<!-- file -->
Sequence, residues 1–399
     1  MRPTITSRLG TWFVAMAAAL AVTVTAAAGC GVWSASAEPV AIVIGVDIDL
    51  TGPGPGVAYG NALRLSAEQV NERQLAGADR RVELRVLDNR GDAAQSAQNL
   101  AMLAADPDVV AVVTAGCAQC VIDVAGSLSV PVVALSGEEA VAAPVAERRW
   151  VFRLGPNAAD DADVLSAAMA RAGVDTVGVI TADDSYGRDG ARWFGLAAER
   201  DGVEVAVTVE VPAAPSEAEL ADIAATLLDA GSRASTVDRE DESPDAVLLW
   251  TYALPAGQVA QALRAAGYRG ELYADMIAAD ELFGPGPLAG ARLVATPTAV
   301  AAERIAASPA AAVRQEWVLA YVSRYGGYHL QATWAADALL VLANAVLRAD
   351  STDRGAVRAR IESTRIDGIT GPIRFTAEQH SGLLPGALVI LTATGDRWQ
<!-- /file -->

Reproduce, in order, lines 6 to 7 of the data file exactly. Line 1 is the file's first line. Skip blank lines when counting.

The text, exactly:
   201  DGVEVAVTVE VPAAPSEAEL ADIAATLLDA GSRASTVDRE DESPDAVLLW
   251  TYALPAGQVA QALRAAGYRG ELYADMIAAD ELFGPGPLAG ARLVATPTAV